The precision of Campan’s demands suggests a possible ulterior motive: to recover instruments and scores from the queen’s household at Versailles. It was common knowledge that requests to the revolutionary government were fulfilled from confiscated noble property, and in correspondence within the file she explicitly [End Page 95] asks for her request to be fulfilled from the depot.103 In a private letter to a behind-the-scenes ally in the government, she also submits a more personal request to reclaim a baby carriage that she had given to Louis XVI as a gift for the dauphin. She knew the carriage was displayed in the museum of Versailles. She notes, “I only mention it because it [would be] easy to find.” The subsequent sentence quickly returns to the instruments, affirming that “the harps, the pianos, the books and drawings” form the essential foundation of an institution to which she dedicated “every moment of [her] life.”104 This letter physically directed officials back to Versailles as they considered her request for instruments and scores.

It took several months and a number of follow-up queries, but the supplies were ultimately granted, including the baby carriage. Though it remains unclear whether the instruments and scores were taken from the queen’s household, the archival documents show that Campan succeeded by appealing to the government’s need for new educational institutions and claiming to train women for lives as virtuous wives and mothers. She (and her allies) adopted a patriotic and humble rhetoric, stating that she “gives to young people who are entrusted to her the principles of a pure morale and love for the Patrie.”105 The minister of the interior argued on her behalf that “after the real losses of Citoyenne Campan and the public work she does with her talents,” the government should furnish her supply requests.106 Citizens Devinck and La Garde also wrote in her favor, and scraps of paper among the official documents indicate that at least one behind-the-scenes ally pushed her inquiries along.107 An undated order from the office of the Directoire exécutif, likely handed down late in 1796, finally approves her request, stating: “The public work citizen Genet-Campan does with her talents in raising young people through the love of virtue, law, and the country merits that the government come to her aid after the real losses she endured.”108 Campan took two cautionary measures in her apparent attempt to recover the queen’s music collection. First, she framed her requests carefully. Second, she prompted male allies within the [End Page 96] government to advocate for her from the inside. By working within the system and adopting its prevailing rhetoric, Campan created an entirely new career.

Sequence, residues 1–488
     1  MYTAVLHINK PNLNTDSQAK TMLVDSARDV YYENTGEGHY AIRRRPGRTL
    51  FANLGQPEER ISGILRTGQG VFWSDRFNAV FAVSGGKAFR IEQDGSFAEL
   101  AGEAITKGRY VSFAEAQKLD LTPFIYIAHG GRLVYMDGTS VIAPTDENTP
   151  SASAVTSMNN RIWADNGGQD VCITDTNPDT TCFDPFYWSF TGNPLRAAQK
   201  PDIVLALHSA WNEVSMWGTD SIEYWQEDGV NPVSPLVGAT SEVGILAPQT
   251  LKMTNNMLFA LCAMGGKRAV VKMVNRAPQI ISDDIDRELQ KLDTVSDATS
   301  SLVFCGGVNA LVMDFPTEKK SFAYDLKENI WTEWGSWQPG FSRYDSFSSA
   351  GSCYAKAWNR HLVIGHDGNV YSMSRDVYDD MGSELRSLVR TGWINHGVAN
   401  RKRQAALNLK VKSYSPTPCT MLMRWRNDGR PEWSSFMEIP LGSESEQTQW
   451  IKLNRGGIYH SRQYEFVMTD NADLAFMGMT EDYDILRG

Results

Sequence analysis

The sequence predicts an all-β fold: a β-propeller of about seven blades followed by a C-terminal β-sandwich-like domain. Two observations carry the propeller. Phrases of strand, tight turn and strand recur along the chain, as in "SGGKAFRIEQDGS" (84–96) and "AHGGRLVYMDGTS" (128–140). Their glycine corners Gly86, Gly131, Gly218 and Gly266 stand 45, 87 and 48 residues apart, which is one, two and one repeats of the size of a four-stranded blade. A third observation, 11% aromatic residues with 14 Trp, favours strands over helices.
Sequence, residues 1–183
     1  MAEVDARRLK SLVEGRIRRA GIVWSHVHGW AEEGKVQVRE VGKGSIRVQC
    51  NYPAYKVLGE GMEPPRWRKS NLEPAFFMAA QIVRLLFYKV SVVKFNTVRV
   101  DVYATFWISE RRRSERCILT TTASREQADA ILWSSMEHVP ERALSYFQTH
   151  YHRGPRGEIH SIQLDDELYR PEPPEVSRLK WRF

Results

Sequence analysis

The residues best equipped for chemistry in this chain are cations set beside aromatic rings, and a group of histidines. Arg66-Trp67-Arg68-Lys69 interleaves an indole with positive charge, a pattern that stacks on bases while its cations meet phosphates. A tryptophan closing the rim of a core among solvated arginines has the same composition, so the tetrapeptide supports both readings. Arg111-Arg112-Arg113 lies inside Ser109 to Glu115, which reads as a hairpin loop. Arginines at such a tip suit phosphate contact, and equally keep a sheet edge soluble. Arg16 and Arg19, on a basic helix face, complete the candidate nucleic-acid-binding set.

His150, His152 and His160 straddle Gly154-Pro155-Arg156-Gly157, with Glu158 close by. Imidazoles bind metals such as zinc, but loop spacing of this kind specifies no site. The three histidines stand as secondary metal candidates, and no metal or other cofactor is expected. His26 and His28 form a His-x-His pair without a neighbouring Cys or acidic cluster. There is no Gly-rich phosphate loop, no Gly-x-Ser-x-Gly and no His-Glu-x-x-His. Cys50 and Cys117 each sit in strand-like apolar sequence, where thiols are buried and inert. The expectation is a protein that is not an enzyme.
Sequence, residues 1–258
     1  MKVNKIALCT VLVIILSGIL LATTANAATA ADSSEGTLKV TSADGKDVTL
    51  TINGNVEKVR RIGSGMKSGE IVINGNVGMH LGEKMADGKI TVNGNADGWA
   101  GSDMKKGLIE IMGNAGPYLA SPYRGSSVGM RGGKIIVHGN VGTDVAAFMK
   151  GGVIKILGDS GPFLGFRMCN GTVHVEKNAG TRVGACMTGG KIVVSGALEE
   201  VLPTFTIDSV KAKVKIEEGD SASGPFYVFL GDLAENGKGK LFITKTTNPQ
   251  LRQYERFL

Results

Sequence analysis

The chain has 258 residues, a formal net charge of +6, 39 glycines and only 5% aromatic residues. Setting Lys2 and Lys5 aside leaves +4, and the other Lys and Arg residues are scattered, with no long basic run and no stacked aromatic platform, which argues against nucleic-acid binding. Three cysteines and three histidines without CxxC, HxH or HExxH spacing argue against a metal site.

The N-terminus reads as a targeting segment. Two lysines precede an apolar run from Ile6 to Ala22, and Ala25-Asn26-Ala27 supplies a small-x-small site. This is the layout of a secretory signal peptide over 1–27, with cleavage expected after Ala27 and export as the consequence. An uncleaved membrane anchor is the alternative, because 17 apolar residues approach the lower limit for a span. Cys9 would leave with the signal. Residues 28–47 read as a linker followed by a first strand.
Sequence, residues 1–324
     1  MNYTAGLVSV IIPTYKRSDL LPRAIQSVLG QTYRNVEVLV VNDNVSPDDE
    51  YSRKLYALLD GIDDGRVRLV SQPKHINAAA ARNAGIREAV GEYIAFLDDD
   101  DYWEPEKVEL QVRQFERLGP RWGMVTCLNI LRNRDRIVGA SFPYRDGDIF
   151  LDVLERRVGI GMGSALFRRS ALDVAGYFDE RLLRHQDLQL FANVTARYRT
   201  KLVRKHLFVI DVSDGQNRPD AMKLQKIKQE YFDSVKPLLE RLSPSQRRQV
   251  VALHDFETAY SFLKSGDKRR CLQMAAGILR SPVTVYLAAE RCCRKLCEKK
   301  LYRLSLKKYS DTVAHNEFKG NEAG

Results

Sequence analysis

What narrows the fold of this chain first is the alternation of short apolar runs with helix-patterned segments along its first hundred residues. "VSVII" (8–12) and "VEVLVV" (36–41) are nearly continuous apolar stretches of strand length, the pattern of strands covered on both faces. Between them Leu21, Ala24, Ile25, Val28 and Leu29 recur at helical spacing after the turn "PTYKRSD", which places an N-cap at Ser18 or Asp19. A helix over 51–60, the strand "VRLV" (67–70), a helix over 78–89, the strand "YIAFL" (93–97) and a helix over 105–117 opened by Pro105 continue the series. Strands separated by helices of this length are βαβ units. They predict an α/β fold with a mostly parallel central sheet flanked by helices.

Music, Pedagogy, Politics